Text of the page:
Impact of preexisting opioid dependence on morbidity, length of stay, and inpatient cost of urological oncological surgery

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World journal of urology


OBJECTIVES: To determine the incidence of preexisting opioid dependence in patients undergoing elective urological oncological surgery. In addition, to quantify the impact of preexisting opioid dependence on outcomes and cost of common urologic oncological procedures at a national level in the USA.

METHODS: We used the National Inpatient Sample (NIS) to study 1,609,948 admissions for elective partial/radical nephrectomy, radical prostatectomy, and cystectomy procedures. Trends of preexisting opioid dependence were studied over 2003-2014. We use multivariable-adjusted analysis to compare opioid-dependent patients to those without opioid dependence (reference group) in terms of outcomes, namely major complications, length of stay (LOS), and total cost.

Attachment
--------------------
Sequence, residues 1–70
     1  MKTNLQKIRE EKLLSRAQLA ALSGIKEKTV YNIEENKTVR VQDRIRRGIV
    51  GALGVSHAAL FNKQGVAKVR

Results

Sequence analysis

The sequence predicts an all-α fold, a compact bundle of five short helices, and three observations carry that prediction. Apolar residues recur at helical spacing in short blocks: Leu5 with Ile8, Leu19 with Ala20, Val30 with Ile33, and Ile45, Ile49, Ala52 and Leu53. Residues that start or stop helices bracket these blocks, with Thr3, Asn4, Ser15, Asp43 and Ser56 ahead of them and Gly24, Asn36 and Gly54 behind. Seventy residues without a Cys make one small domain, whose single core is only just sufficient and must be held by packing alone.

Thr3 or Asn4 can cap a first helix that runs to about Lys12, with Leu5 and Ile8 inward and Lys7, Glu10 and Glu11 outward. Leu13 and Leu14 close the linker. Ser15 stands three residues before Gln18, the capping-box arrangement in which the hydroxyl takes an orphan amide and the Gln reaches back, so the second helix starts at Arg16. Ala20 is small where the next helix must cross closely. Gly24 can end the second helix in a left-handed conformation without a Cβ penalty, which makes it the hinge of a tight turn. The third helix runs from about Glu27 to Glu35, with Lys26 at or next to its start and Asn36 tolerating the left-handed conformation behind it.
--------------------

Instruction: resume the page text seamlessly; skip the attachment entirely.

RESULTS: The incidence of opioid dependence steadily increased from 0.6 per 1000 patients in 2003 to 2 per 1000 in 2014. Opioid-dependent patients had a significantly higher rate of major complications (18 vs 10%; p < 0.001) and longer LOS (4 days (IQR 2-7) vs 2 days (IQR 1-4); p < 0.001), when compared to the non-opioid-dependent counterparts. Opioid dependence also increased the overall cost by 48% (adjusted median cost $18,290 [IQR 12,549-27,715] vs. $12,383 [IQR 9225-17,494] in non-opioid-dependent, p < 0.001). Multivariable analysis confirmed the independent association of preexisting opioid dependence with major complications, length of stay in 4th quartile, and total cost in 4th quartile.

CONCLUSIONS: The incidence of preexisting opioid dependence before elective urological oncology is increasing and is associated with adverse outcomes after surgery. There is a need to further understand the challenges associated with opioid dependence before surgery and identify and optimize these patients to improve outcomes.

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ePub ahead of print